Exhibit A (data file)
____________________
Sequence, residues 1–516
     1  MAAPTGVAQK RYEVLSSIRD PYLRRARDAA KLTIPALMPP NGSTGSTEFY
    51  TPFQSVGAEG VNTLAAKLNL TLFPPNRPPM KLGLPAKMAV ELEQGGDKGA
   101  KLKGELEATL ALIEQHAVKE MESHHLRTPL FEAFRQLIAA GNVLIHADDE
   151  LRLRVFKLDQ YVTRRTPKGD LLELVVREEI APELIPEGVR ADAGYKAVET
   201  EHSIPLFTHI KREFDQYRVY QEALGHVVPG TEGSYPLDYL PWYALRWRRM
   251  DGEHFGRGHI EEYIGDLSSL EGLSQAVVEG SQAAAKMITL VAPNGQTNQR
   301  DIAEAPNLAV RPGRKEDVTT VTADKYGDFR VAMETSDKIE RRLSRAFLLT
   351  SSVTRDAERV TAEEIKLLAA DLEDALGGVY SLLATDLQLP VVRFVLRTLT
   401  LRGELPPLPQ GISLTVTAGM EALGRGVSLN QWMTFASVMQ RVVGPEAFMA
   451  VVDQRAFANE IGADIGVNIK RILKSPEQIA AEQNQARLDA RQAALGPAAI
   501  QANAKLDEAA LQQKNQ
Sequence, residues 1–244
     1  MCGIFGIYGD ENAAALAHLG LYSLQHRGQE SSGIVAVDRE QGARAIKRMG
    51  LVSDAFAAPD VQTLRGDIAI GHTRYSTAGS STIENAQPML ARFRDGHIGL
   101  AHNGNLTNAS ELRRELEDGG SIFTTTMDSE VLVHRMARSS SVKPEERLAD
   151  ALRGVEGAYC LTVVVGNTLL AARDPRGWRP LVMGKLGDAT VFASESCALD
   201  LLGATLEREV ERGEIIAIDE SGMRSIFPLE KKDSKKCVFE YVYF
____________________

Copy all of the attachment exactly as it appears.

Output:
Sequence, residues 1–516
     1  MAAPTGVAQK RYEVLSSIRD PYLRRARDAA KLTIPALMPP NGSTGSTEFY
    51  TPFQSVGAEG VNTLAAKLNL TLFPPNRPPM KLGLPAKMAV ELEQGGDKGA
   101  KLKGELEATL ALIEQHAVKE MESHHLRTPL FEAFRQLIAA GNVLIHADDE
   151  LRLRVFKLDQ YVTRRTPKGD LLELVVREEI APELIPEGVR ADAGYKAVET
   201  EHSIPLFTHI KREFDQYRVY QEALGHVVPG TEGSYPLDYL PWYALRWRRM
   251  DGEHFGRGHI EEYIGDLSSL EGLSQAVVEG SQAAAKMITL VAPNGQTNQR
   301  DIAEAPNLAV RPGRKEDVTT VTADKYGDFR VAMETSDKIE RRLSRAFLLT
   351  SSVTRDAERV TAEEIKLLAA DLEDALGGVY SLLATDLQLP VVRFVLRTLT
   401  LRGELPPLPQ GISLTVTAGM EALGRGVSLN QWMTFASVMQ RVVGPEAFMA
   451  VVDQRAFANE IGADIGVNIK RILKSPEQIA AEQNQARLDA RQAALGPAAI
   501  QANAKLDEAA LQQKNQ
Sequence, residues 1–244
     1  MCGIFGIYGD ENAAALAHLG LYSLQHRGQE SSGIVAVDRE QGARAIKRMG
    51  LVSDAFAAPD VQTLRGDIAI GHTRYSTAGS STIENAQPML ARFRDGHIGL
   101  AHNGNLTNAS ELRRELEDGG SIFTTTMDSE VLVHRMARSS SVKPEERLAD
   151  ALRGVEGAYC LTVVVGNTLL AARDPRGWRP LVMGKLGDAT VFASESCALD
   201  LLGATLEREV ERGEIIAIDE SGMRSIFPLE KKDSKKCVFE YVYF